Michael Wintroub

Professor Emeritus


PhD (History), UCLA

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7323 Dwinelle Hall




Michael Wintroub takes as the focus of his research what Mauss has called “total social phenomena”—that is, phenomena in which religious, scientific, legal, moral, aesthetic and economic institutions find simultaneous expression. He is concerned with the mediations and connections between these various dimensions of human activity and how they develop over time and over space. His sources are rituals, ceremonies, festivities, and technical practices; words, poems, pictures, rhetorical rules and classificatory schemes; ships, sailors, poets, courts and kings; coins, artefacts, scientific instruments and institutions. His approach is micro-historical, attending to specific techniques, dispositions, performances, encounters and networks, while also stressing questions of genealogy, mobility and the longue durée. Examples of this work can be found in peer reviewed journal articles in publications such as the American Historical Review, the Renaissance QuarterlyISISAnnales: Histoire, Sciences SocialesFrench Historical Studies, and the British Journal for the History of Science, or in either of his two books: A Savage Mirror: Power, Identity and Knowledge in Early Modern France(Stanford: Stanford University Press, 2006), and The Voyage of Thought: Navigating Knowledge Across the Sixteenth Century World (Cambridge: Cambridge University Press, 2017), awarded the 2018 Pickstone Prize for the best book in the History of Science published in 2015-2017 by the British Society for the History of Science.



Sordid genealogies: a conjectural history of Cambridge Analytica’s eugenic roots,” Humanities and Social Sciences Communications 741 (2020).

“The Pharmakon of ‘If’: working with Steven Shapin’s A Social History of Truth”, British
Journal for the History of Science 52:3 (September 2019): 487–514.

“Translations: Words, Things, Going Native, and Staying True”, American Historical Review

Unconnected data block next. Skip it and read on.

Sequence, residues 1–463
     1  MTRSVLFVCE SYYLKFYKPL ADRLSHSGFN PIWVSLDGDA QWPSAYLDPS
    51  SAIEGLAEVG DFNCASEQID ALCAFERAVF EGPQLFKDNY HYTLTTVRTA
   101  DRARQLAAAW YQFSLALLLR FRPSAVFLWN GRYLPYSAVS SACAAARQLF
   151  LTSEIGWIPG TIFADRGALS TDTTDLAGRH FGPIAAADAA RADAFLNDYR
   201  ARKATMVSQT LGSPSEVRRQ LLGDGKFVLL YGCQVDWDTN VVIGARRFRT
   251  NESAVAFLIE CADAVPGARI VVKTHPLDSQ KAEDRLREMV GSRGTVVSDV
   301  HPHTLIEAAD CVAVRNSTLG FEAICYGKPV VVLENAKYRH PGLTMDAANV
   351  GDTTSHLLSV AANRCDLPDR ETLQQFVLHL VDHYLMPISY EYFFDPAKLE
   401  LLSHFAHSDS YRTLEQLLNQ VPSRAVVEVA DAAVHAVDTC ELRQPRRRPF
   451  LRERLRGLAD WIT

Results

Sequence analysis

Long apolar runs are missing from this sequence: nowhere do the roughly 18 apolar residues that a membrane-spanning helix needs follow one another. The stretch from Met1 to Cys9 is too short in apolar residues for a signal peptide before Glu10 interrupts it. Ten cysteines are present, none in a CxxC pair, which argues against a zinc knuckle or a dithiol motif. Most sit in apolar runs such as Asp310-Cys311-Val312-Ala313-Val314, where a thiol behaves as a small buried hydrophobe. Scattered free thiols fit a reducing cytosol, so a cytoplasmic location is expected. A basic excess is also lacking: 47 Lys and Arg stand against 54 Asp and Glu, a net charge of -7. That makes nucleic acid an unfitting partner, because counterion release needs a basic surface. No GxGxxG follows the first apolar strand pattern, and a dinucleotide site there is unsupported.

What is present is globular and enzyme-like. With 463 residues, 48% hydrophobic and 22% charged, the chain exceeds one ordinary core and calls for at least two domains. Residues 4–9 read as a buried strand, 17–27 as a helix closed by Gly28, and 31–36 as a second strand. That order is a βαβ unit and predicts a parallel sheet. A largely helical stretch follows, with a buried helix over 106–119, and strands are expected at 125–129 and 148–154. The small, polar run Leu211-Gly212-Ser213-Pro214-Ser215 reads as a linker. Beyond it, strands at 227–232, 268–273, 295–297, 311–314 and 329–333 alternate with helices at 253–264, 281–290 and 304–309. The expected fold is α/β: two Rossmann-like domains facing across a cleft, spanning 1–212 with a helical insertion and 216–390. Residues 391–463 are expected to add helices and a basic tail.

120:4 (October 2015): 1185-1217.

“The Translations of a Humanist Ship Captain: Jean Parmentier’s 1529 Voyage to Sumatra”,
Renaissance Quarterly 68:1 (Spring 2015): 98-132.

“The Looking Glass of Facts: Collecting, Rhetoric and Citing the Self in the Experimental
Natural Philosophy of Robert Boyle”, in Tina Skouen and Ryan J. Stark (eds.), Rhetoric &
The Early Royal Society (Leiden: Brill, 2014), 202-236, reprint History of Science 35 (1997):

“Taking a Bow in the Theater of Things”, ISIS 101:4 (December 2010): 779-793.

“The Heavens Inscribed: the instrumental poetry of the Virgin in early modern France”, British
Journal for the History of Science 42:2 (2009): 161-185.

“Words, Deeds, and a Womanly King”, French Historical Studies 28:3 (2005): 387-413.

“L’ordre du rituel et l’ordre des choses: l’entrée royale d’’Henri II à Rouen (1550), Annales:
Histoire, Sciences Sociales 56:2 (mars-avril, 2001): 479-505. 

“Taking Stock At the End of the World: Rites of Distinction and Practices of Collecting in
Early Modern Europe”, Studies in History and Philosophy of Science 30:3 (1999): 395-424.

Civilizing the Savage and Making a King: the Royal Entry Festival of Henri II (Rouen,
1550)”, Sixteenth Century Journal 29:2 (1998): 467-496.


Selected Awards

Pickstone Prize, The UK’s most prestigious prize for best scholarly book in the history of science
(broadly construed) in English from the British Association for the History of Science, for The
Voyage of Thought (2018).

Centre for Advanced Study, the Norwegian Academy of Science & Letters, “The Body in
Translation (Historicizing and Reinventing Medical Humanities and Knowledge Translation”),
with John Ødemark and Eivind Engebretsen (2019-2020).

Peder Sather Grant, UC Berkeley, “The Body in Translation: Early Modern Cultural Translation and
the Constitution of the Human Sciences,” with John Ødemark, University of Oslo (2016 and again in 2019).

NEH Fellowship for University Teachers (2015).

Townsend Fellowship for Associate Professors, Townsend Center for the Humanities, UC Berkeley (2013).

Nancy Lyman Roelker Prize, Sixteenth Century Society. Best article published in English on
sixteenth-century French history (2010), for “The Heavens Inscribed: The Instrumental Poetry of the Virgin.”

Mellon Project Grant for Associate Professors (2010-2011).

American Council of Learned Societies (ACLS) Fellowship (2006-2007).

Weiss/Brown Publication Subvention Award. For the publication of outstanding works of scholarship that concern European civilization before 1700. Newberry Library, Chicago (2003).

NEH Fellowship for University Teachers (2000).

Nancy Lyman Roelker Prize, Sixteenth Century Society. Best article published in English on
sixteenth-century French history, for “Civilizing the Savage and Making a King,” (2000).

Gilbert Chinard Scholarship, Institut Français de Washington, Chapel Hill, NC (1993).

J. Paul Getty Center Predoctoral Fellow (1992-1993).

Lynn White Jr. Memorial Fellowship, UCLA Center for Medieval & Renaissance Studies, (1990-1991).